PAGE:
Marine Corps will not stand down MV-22 fleet despite Air Force move

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A U.S. Marine V-22 Osprey ascends the USS Bataan in Aqaba, Jordan, to begin a demo flight in support of Eager Lion 2017. (U.S. Army/Sgt. Mickey A. Miller)

WASHINGTON — In the wake of the Air Force grounding its CV-22 Osprey fleet over a safety concern, the Marine Corps’ top aviator said the Corps will not be following suit for its MV-22s, saying the Corps has been well aware of the issue for more than a decade. He is instead issuing guidance on how to reduce the likelihood of the problem occurring.

“The hard clutch issue has been known to the Marine Corps since 2010, and as such, we have trained our pilots to react with the appropriate emergency control measures should the issue arise during flight,” according to a statement the service published today. “We also remain engaged with the joint program office, NAVAIR engineering, and our industry partners to resolve the issue at the root cause.”

Breaking Defense first reported on Wednesday that Air Force Special Operations Command had grounded all 52 of its CV-22 Ospreys due to an “increased number of safety incidents” involving an issue with the aircraft’s clutch, including two incidents in within the past six weeks.

A Marine Corps official told reporters the service has been training its pilots on how to deal with the clutch issue since first discovering it in 2010. The official said since that time, the V-22 program — meaning the Navy, Marine Corps and Air Force variants — have only recorded 15 incidents, and 10 of those incidents involved the Marines. None of the 15 incidents occurred on the Navy’s CMV-22 variant.

The military characterizes aviation mishaps by “classes,” with each class representing specific injuries to the pilots and a dollar amount tied to the damage inflicted to the aircraft. The Marine Corps official could not immediately provide a breakdown of the 15 incidents based on class, but did say none were “Class A” — the most severe rating associated with the loss of life. They added that none of the mishaps included a pilot being seriously harmed. (An AFSOC official previously told Breaking Defense that by their estimation, in many cases, both gearboxes and engines require replacements after the incident — making them Class A mishaps with damage in excess of $2.5 million.)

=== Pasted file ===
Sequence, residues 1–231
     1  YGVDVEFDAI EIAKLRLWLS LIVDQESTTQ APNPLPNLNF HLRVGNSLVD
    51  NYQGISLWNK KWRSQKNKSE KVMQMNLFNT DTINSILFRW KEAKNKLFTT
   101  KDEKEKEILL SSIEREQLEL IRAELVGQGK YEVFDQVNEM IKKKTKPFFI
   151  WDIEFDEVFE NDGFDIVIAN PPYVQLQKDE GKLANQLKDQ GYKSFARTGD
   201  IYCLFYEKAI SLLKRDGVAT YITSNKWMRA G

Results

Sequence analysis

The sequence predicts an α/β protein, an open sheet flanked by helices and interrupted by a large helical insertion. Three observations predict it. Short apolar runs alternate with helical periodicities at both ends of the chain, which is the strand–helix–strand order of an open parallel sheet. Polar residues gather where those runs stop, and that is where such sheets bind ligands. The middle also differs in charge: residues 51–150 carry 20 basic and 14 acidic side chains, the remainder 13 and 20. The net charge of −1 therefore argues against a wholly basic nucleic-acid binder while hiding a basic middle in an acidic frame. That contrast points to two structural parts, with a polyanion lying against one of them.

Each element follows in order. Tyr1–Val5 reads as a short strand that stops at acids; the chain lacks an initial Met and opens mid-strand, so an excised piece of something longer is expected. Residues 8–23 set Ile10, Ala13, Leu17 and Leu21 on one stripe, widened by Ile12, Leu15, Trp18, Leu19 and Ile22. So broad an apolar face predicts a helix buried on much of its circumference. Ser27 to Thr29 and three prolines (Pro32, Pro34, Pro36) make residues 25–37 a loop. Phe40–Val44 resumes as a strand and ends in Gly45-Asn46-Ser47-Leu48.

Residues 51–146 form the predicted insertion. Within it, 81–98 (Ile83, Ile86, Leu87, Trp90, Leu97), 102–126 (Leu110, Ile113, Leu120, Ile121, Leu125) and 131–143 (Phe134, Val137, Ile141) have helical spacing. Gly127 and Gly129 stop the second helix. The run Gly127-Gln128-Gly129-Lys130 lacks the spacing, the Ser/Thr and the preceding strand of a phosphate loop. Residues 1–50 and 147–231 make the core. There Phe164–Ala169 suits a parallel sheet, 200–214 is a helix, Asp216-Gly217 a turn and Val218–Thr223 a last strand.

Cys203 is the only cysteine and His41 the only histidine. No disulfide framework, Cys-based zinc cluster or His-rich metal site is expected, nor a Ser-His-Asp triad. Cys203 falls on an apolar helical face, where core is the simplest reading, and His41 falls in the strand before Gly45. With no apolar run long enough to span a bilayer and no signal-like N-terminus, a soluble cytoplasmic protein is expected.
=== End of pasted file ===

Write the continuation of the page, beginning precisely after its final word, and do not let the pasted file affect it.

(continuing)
Today AFSOC said there had been no change in their decision to ground their V-22 fleet, which began Tuesday. When pressed about why the Marines Corps is not standing down its fleet despite the Air Force’s decision, the Marine Corps official stressed that the service’s pilots have been instructed — and new guidance being issued today will reinforce — on how to reduce the chances the issue will occur.

“We feel that we have the appropriate procedures in place to handle this emergency procedure in the event that it occurs again,” the Marine Corps official said. “Whether that’s tomorrow or a year from now, our crews will be trained to properly respond to this emergency and safely land the aircraft.”

That mitigation, which is emphasized in the deputy commandant’s guidance, includes the importance of doing a “hover check,” a maneuver where the pilot brings the aircraft just a few feet off the ground and “hovers” for a moment while checking their instruments.

“Over two-thirds of these occurrences have happened within seconds after takeoff. So by coming up into a hover-in-ground effect and monitoring your instruments prior to committing to forward flight, we’re reducing the exposure to this to this phenomenon of the clutch failure,” the official said.

The Marine Corps official declined to answer any questions related to materiel solutions for the aircraft and deferred those questions to the V-22 Joint Program Office.

Breaking Defense’s Valerie Insinna contributed to this report. 





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